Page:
The reason for this is simple. Materialism cannot explain the mind because it implies the non-existence of the mind. If matter is all there is, then ultimately what you think of as your mind is nothing more than a collection of neurons firing inside your skull. Your subjective experiences (qualia) are simply chemical reactions. On this view, when you feel happy, you are actually not feeling anything. Instead, your brain is simply releasing an elaborate combinations of dopamine, serotonin, oxytocin and endorphins. This is not a causal relationship, your happiness is not caused by the release of your dopamine, your happiness is the release of chemicals inside your brain. This position is known as “eliminative materialism” and while it is a minority position today, it is the only logical conclusion of a materialist understanding of the mind and consciousness. The most notable proponents of this theory today are Patricia and Paul Churchland.
The most profound implication of this is that consciousness itself is merely an illusion. Our qualia are subjective experiences. These experiences cannot be reduced to material causes because they are by their very nature subjective, and cannot be objective or quantifiable. For the mind to be purely materialistic, it would have to be uniform and objective in a way qualia simply cannot be. The only way to explain them materially is to deny their very existence. What this really means is that you are merely an illusion generated by the firing of neurons. Would someone really be willing to concede that the love they feel for their husband or wife is nothing more than a reaction in their brain? Your identity is built around a sense of self that materialism is forced to eliminate. Giving all this up is pretty hard. Yet, if the secular project is to be complete, anything immaterial must be banished and eliminated. Say goodbye to your non-existent self.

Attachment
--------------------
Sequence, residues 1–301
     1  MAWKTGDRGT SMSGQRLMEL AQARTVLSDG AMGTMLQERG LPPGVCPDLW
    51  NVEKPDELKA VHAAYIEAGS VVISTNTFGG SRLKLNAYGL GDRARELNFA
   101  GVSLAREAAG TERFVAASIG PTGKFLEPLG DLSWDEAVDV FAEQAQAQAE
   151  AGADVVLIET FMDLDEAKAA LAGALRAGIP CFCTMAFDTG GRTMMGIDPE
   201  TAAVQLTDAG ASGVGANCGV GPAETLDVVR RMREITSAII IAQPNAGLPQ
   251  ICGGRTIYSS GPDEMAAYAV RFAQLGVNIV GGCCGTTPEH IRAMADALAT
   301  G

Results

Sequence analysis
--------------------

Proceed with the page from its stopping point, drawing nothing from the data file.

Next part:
Secular progressivism is a moralizing enterprise. It is built upon the moral condemnation of those who reject its universal and timeless values. However, in order for human values to be meaningful, it is required that they are ultimately objective and not purely decided by subjective preference. Objective standards of moral value are generally thought to require an objective standard upon which they can rest. If moral standards do not rest on some sort of objective foundation, they become subjective, relative, and ultimately meaningless. Secularists do not normally dismiss objective values—how else would they be able to illicit such a vitriolic reaction against laws they do not like? Instead, they try to create an objective form of secular ethics (think The Moral Landscape by Sam Harris). Usually this is done by equating morality with human well-being. By defining morality in terms that can be quantified (pleasure/pain), science is able to provide a natural account for human values.